Goa inherited uniform civil law from the Portuguese and since 1961 this common law has been part of India’s statute.
Enshrined as a Directive Principle of State Policy in the Constitution of India and mentioned in the BJP manifestos of 1998 and 2019, will Uniform Civil Code (UCC)—a common personal law for all Indians regardless of religion, sex, gender and sexual orientation—be a reality as India embarks on its 75th year of Independence? A decision of the Pushkar Singh Dhami-led Uttarakhand cabinet, taken in its very first meeting after the elections provides a beacon of hope. Will Dhami be able to herald a change which two BJP MPs failed to do when they introduced legislation in November 2019 and March 2020, respectively, which were later withdrawn as political resolution on the issue was not forthcoming? A law passed by Uttarakhand will have state-specific application, but it certainly will open the sluice gate for similar action elsewhere.
Talk of the need for Uniform Civil Code is of 1948 vintage. Jawaharlal Nehru and B.R. Ambedkar were favourably disposed but conservative thought prevailed. British divide and rule saw enactment of separate personal laws for different religions and free India inherited that legacy. Portuguese Civil Code, a common personal law for Catholics, Protestants, Hindus and Muslims was in force in Goa, Daman and Diu when these territories were liberated in December 1961: The Goa Family law, which came into force after amalgamation of these territories into the Union of India, was a successor to the Portuguese common law and these became part of the Indian statute. Thus since 1961 a part of India has harmoniously implemented the Uniform Civil Code.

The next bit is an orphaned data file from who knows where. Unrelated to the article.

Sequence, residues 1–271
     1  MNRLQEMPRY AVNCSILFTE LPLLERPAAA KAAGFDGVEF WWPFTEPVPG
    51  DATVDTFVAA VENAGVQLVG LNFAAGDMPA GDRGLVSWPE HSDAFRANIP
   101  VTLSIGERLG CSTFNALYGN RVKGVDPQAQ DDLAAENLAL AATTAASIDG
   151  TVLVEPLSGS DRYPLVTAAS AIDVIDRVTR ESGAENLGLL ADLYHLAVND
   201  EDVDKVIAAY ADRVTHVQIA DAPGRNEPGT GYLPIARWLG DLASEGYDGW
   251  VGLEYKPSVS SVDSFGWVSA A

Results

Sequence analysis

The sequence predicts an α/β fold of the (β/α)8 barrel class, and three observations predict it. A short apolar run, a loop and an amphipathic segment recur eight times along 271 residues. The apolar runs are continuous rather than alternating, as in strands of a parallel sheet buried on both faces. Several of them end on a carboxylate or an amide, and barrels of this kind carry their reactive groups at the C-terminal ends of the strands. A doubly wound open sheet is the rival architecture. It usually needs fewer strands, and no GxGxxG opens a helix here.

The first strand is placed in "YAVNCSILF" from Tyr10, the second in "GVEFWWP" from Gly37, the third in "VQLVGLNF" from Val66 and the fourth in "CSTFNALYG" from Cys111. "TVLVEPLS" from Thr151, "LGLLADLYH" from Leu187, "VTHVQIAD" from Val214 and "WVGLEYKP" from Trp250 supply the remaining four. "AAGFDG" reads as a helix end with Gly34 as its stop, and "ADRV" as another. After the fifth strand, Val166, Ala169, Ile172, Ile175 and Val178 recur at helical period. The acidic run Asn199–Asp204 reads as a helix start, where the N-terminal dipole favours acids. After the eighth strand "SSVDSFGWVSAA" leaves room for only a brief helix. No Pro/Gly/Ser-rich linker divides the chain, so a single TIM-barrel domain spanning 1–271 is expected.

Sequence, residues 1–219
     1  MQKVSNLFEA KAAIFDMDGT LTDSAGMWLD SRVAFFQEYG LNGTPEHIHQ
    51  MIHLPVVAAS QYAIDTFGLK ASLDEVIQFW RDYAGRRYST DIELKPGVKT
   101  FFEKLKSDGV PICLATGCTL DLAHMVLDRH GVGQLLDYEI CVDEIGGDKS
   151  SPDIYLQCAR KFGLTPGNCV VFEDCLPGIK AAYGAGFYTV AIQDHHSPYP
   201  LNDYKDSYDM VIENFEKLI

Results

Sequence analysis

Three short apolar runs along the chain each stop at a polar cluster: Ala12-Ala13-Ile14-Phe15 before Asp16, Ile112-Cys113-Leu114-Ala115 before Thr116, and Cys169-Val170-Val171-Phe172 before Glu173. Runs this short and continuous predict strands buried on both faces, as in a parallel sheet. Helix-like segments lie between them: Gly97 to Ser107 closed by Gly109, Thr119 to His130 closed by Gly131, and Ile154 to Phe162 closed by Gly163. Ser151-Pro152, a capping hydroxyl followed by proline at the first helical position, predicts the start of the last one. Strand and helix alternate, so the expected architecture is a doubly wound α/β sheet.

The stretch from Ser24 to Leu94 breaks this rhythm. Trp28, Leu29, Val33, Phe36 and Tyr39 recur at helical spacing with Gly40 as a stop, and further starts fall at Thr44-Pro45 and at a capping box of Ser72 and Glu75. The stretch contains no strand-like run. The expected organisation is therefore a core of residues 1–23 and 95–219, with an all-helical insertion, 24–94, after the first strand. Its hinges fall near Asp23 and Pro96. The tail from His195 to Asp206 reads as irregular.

The Seventh Schedule of the Constitution, which defines and specifies allocation of powers and functions between the Union and the States, has a concurrent list which empowers Uttarakhand to legislate a proposed UCC—it will be subject to assent by the President of India. No state law can be in conflict with a Central legislation. Thus if the President’s assent is granted to Pushkar Dhami’s move, it will in effect signal the Union Cabinet’s approval—will this nod be followed up by an all-India enactment by Parliament?
Article 44, which is part of Directive Principles of State policy, states: “The State shall endeavour to secure for citizens a Uniform Civil Code throughout the territory of India.” Directive Principles are not enforceable in a court, but are considered fundamental in governance of the country. In an affidavit filed before the Delhi High Court in response to a petition favouring UCC filed by a BJP worker, Ashwini Upadhyay, the counsel of Union of India stated that the Centre will consider introducing UCC after consulting all stakeholders. This consultation process should ensure to make India’s “Unity in Diversity”, a coinage by Rabindranath Tagore oft quoted by Jawaharlal Nehru, an actuality.
Free India codified Hindu law in 1956 but failed to legislate laws for Muslims, who continue to be governed by Sharia law. The Shah Bano case in 1985 brought the need for UCC into sharp focus. The Government of Rajiv Gandhi initially took a progressive view but ultimately succumbed to the pressures of the conservative lobby. The Narendra Modi government has taken some bold steps to protect the rights of the Muslim women and it is perceived that BJP has benefitted electorally. Will the legislation of Uttarakhand, if enacted (at present a panel has been set up by Dhami cabinet) act as a beacon?
UCC shall replace Hindu Marriage Act and Hindu Succession Act (which cover Buddhists, Jains and Sikhs as well), Indian Christian Marriage Act, Indian Divorce Act, Parsi Marriage and Divorce Act and similar religion-based personal laws besides bring under the umbrella of a common law applicable to all citizens, including Muslims. If Goa can have a common code over the past six decades, so perhaps can the rest of India. Provided there is political will and a negotiated unanimity of all stakeholders is crafted.